A close friend recently got engaged. How did I find out? Oh, you know, by seeing her Facebook post. I feel silly about all of this. At the end of the day I’m happy she’s happy, but also actually I am really hurt!
I thought we were pretty close! We don’t live nearby, but we still manage to see each other every couple of months, we talk on the phone every other week or so, and we text and Instagram and just generally communicate. I knew she was expecting to get engaged soon, but I also expected that she’d actually tell me! Finding out on Facebook just, idk, sucks? Like I am, apparently, of equal importance in her life to our eleventh grade English teacher and her cousin’s second wife.
I’m obviously not ending a long friendship over this, but what now? Do I tell her how I feel? Do I just need to let it go? And please tell me if I’m being really unreasonable to even feel this way?
—Found Out on Facebook
A: Dear Facebook friend,
Ugh I hate this so much. Yes, absolutely, this is not worth ending your friendship, but I don’t think you are unreasonable at all to feel this way. And not in a “feel your feelings” kind of way, but in a “we’ve collectively lost our damn minds” kind of way. Because of course you’re hurt!
An engagement is a really important life moment, and not so long ago, we all got that we owed it to our loved ones to share huge life changing joyful news person to person. It seems like somewhere along the line we lost the plot on this. (And I’m not just blaming millennials. Plenty of sixty-year-olds are Facebook abusers as well—let’s not let the Baby Boomers off the hook here.) So let’s have a little restart, and discuss:
How You Should Share Your Engagement With Loved Ones Before You Blast Facebook
Step 1: If actual in-person time isn’t possible, reach for the next best option: The Phone. I know, people have an irrational hatred of the phone, but a text just isn’t good enough for someone who is special to you. If you have their phone number, use it! Who cares if you’ve never spoken on the phone before? Who cares if they don’t answer? Who cares if it is a little weird? It’s still the most personal option you’ve got, and people just don’t walk around feeling offended you called to tell them important happy news instead of texted. (But yes, if calling is a thing that just isn’t going to happen, texting someone the good news directly is vastly preferable to a generic Facebook blast… so at the very least, use your phone to do that.)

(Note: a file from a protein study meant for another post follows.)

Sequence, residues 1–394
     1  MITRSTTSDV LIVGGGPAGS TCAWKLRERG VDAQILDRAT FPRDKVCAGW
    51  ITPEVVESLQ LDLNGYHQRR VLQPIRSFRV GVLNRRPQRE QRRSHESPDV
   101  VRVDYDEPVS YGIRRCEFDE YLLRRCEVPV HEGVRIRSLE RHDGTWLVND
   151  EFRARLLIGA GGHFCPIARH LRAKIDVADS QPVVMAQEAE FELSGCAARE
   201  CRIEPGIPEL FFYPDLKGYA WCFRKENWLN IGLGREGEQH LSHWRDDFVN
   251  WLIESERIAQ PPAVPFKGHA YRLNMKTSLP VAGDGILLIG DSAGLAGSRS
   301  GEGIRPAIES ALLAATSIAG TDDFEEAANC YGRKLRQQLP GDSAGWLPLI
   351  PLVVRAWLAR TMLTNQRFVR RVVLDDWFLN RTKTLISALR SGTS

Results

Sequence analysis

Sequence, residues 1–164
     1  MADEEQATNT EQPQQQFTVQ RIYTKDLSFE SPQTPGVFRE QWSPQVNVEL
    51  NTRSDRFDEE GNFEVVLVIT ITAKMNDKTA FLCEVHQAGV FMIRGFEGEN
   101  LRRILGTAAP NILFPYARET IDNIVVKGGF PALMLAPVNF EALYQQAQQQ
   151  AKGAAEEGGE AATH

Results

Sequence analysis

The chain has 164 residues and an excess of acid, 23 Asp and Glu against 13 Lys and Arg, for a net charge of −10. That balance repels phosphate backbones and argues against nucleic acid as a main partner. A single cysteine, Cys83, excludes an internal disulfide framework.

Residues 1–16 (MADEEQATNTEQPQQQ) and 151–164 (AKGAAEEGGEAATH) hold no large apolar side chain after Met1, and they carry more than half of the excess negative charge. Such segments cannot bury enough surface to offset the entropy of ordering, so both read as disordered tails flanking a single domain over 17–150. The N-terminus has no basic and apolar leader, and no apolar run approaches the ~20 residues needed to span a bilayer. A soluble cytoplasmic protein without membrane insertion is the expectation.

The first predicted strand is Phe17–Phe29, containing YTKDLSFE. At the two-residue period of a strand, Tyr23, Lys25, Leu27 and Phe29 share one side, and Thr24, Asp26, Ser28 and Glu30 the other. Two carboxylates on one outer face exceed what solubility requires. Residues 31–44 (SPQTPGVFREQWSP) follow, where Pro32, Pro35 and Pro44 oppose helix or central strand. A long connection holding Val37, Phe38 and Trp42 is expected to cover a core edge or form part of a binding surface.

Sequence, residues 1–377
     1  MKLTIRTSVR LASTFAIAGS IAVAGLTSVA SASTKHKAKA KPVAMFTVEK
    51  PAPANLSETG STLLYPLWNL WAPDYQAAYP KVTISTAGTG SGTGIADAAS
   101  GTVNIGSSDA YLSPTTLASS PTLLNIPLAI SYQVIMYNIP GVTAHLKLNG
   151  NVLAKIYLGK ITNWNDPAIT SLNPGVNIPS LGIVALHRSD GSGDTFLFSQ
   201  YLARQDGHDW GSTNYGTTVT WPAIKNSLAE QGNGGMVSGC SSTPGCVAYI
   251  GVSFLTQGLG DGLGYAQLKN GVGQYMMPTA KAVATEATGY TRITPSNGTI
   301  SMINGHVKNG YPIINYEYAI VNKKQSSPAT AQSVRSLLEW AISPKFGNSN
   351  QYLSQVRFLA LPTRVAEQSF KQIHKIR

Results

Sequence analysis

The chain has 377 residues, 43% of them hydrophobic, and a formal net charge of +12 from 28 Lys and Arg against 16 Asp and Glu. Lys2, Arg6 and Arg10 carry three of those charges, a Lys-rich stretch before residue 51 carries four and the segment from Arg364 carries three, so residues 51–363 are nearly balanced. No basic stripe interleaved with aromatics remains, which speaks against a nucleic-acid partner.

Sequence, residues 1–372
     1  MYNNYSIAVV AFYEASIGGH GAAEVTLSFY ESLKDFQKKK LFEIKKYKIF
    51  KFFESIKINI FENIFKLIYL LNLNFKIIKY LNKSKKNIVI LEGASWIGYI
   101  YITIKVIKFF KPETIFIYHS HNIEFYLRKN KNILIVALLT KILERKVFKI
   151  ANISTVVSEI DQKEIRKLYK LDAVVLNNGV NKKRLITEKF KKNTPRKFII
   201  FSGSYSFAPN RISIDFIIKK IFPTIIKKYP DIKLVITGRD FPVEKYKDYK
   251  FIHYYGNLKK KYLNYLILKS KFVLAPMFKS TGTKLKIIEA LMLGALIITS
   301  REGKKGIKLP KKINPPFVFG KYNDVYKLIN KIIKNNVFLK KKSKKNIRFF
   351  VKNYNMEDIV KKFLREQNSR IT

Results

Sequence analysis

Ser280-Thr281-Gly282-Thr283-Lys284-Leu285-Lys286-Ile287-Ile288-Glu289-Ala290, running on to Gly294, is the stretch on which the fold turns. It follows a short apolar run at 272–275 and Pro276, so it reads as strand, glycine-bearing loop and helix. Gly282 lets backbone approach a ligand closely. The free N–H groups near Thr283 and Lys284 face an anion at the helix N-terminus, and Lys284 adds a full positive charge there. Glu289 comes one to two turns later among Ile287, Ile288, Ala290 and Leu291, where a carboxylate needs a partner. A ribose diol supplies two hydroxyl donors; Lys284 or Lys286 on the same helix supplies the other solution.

Step 2: Once you’ve called everyone you are close to, keep thinking and make sure you really, really have, and that you haven’t missed someone. And then maybe text some more distant people. And then think again. Only after all of that is it time for a social media announcement.
Step 3: Now, and only now, you can post the news on Facebook.
But, back to you. Your friend didn’t do that, and you feel hurt and sad, and that’s okay.
I think you could go one of two equally valid ways here. You could say something like, “Hey I was surprised to find out about your engagement on Facebook! It would have meant a lot to me to hear that directly from you!” Or you could just accept that this is one of those things—no one is perfectly thoughtful at all times, your friend messed up here, but oh well, she’s great in other ways. I’d probably choose the second myself, but if you’re leaning toward saying something, that’s fine. Just keep it kind and focused on your friendship.
A Word About #RingSelfies
Oh and will y’all just indulge me for a minute on a tangential point? #ringselfies. I love them. I really do. They’re pretty and sparkly and ya know what? If you want to show that thing off, I will like it with genuine enthusiasm. But. Please. Please. Do not announce your engagement with just a #ringselfie. At least squeeze the two of you in the picture! The ring should be playing second fiddle to the people involved.
Allright, let’s have it. Who wants to debate Facebook etiquette? And who’s here for more real conversations with friends?